The French Revolution and Ours
On July 14, 1789, the French Revolution began with the storming of the Bastille and from there, events would end up with the reign of terror, plus a democratic fraternity that ended up devouring many of the original revolutionaries before Napoleon took over. From the time of the Revolution to Waterloo, Europe descended into nearly a quarter of a century of warfare that extended throughout the world.
The difference between the French Revolution and the American Revolution is stark, for while both declared themselves the lovers of liberty, the French revolution ended up in a dictatorship, and the American Revolution ended up with a Republic that is still in existence. For the French, they went through four different Republics before ending up where they are today. Along the way, they were also ruled by Napoleon and his nephew, Napoleon III. The difference between the French Revolution and American Revolution is that the French Revolution was based on the rule of men, whereas our founding fathers believed in natural rights that were granted by God.
The French Revolution ended up as a model for tyrannies that followed in the 20th century and early 21st century. While liberty was the catch word for the French Revolution, the results were a revolution with the guillotine as its symbol, and even the leaders of the original revolution became victim of the blade as each group fought for their share of power.
The American Revolution saw the evolution of rights as Americans said good-bye to the King, but in the end, adopted much of what they learned from Great Britain. This brings us to the present as we have another battle on what it means to be a constitutional Republic and whether we can keep what we have produced. The key issue is whether we still believe that rights are natural gifts from a Creator or mere gifts granted by the states.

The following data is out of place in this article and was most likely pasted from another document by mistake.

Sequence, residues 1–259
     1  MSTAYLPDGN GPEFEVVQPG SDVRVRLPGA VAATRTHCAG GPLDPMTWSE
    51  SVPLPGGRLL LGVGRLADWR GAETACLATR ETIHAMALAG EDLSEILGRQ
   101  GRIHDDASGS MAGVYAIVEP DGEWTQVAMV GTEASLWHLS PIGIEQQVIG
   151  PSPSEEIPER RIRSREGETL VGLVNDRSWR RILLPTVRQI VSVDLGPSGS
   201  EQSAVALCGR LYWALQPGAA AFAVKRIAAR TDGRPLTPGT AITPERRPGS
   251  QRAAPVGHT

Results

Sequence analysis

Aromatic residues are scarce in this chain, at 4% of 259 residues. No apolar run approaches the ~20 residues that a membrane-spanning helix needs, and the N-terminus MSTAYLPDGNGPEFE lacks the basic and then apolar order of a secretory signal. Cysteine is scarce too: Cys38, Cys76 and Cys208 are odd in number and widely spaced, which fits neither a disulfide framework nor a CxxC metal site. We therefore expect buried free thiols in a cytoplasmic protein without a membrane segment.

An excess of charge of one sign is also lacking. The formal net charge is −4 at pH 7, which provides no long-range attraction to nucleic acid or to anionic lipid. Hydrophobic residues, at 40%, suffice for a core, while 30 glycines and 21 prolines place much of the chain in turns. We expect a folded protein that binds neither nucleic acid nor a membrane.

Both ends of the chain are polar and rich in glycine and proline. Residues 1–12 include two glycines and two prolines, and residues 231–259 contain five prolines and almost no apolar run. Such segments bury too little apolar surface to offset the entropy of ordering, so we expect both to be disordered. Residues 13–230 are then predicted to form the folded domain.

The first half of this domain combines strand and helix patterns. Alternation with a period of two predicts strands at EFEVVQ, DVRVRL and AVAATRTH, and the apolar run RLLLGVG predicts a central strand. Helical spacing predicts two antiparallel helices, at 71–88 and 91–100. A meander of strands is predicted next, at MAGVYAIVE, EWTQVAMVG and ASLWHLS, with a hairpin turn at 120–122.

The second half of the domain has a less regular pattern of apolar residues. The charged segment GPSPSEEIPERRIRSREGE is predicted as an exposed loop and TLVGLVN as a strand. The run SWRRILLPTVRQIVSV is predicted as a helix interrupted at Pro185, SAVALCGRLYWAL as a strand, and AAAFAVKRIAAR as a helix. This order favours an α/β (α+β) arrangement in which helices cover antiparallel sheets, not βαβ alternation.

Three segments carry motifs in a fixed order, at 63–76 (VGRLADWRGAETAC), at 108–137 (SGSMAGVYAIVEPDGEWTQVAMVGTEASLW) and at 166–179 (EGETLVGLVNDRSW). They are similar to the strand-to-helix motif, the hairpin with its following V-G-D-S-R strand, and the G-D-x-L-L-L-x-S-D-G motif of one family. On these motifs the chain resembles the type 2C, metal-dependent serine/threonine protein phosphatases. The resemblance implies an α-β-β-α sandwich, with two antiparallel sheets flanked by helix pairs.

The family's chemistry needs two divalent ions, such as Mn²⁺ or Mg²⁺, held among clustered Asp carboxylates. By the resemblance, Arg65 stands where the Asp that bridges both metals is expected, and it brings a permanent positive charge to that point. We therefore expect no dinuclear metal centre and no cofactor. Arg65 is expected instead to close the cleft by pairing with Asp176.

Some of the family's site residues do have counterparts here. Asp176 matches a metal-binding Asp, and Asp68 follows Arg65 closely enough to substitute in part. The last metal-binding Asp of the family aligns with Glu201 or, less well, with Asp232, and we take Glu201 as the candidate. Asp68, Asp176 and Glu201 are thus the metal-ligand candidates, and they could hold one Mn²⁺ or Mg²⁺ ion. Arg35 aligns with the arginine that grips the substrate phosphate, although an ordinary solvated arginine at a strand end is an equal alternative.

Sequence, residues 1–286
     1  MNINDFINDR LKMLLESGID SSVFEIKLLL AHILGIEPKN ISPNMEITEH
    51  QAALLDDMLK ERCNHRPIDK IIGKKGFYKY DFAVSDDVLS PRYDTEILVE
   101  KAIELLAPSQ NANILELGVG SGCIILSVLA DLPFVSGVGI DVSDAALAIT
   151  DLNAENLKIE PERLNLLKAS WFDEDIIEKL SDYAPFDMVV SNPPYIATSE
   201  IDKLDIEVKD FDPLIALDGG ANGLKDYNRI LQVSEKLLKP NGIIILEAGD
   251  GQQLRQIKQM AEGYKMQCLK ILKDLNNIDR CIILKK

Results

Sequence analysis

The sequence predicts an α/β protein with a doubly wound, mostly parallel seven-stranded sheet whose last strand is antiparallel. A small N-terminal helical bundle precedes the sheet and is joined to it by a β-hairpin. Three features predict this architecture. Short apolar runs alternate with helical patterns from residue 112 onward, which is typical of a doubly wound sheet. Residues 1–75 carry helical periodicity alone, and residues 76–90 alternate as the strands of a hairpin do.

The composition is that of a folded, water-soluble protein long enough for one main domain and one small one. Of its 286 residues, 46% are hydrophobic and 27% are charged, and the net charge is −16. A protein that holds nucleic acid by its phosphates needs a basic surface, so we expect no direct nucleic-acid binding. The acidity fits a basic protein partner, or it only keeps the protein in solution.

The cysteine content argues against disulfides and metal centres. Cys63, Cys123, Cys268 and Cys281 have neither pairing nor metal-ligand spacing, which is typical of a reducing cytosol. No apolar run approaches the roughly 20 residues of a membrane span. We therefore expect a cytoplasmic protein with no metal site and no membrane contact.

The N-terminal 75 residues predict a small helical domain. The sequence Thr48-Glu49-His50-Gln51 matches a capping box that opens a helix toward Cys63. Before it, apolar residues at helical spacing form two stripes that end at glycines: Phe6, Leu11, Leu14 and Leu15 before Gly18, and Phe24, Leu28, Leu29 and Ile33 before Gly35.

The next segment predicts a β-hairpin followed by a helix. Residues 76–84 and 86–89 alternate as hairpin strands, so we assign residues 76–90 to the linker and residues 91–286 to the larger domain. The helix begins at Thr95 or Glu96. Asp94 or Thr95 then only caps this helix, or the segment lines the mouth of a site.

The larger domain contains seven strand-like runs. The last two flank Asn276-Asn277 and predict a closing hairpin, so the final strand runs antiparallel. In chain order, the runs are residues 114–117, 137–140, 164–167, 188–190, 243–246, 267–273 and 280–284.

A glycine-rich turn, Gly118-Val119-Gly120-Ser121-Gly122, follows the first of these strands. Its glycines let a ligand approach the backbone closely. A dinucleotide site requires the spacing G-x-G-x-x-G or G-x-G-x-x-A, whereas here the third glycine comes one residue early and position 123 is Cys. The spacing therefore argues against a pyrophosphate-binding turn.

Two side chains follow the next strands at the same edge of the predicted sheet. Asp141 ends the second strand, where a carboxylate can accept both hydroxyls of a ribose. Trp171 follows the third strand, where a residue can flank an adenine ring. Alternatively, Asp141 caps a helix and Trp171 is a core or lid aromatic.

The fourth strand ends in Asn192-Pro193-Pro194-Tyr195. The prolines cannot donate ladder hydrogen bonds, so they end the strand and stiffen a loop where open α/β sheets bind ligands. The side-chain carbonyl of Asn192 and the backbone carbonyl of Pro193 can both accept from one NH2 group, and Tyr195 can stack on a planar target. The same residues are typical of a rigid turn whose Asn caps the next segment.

The Progressive movement of the early 20th century rejected the idea of natural rights and viewed rights as a creation of the state. The problem with this ideology is that if the state is the creator of rights, then they can rescind them as well. Natural rights presume not only those rights that come from a higher authority but that government can’t take those rights away. This also presumes that government must be limited since it is the protector of rights and not the creator of rights.
In the 1990’s, welfare reform showed that there was a prevailing argument that welfare was not truly an entitlement but a temporary assistance program. The right agreed to accept a modest welfare state that would be limited to temporary assistance to help those in need to move a path forward. The left agreed that there is a limit to government assistance and the goal was not to trap people on welfare but to limit the time on welfare to move toward an opportunity state.
Today that consensus is gone, and the one who has broken the consensus is the left, who no longer truly believes in a constitutional government and that rights are God-given. For the left, rights are gifts administered from the government, whether it is free health care, that is not really free, or free housing. And as Obama's recent action concerning the delay of employer mandate shows, free health care is a right that can be rescinded or change to benefit the ruling class.
Which brings us to a new prevailing argument: Most Americans are now saying that increased government spending hurts the economy, and the Party that finds a way to make that their central argument (listening, Republicans?) will win in 2016. From there, maybe we can begin the restoration of constitutional governance.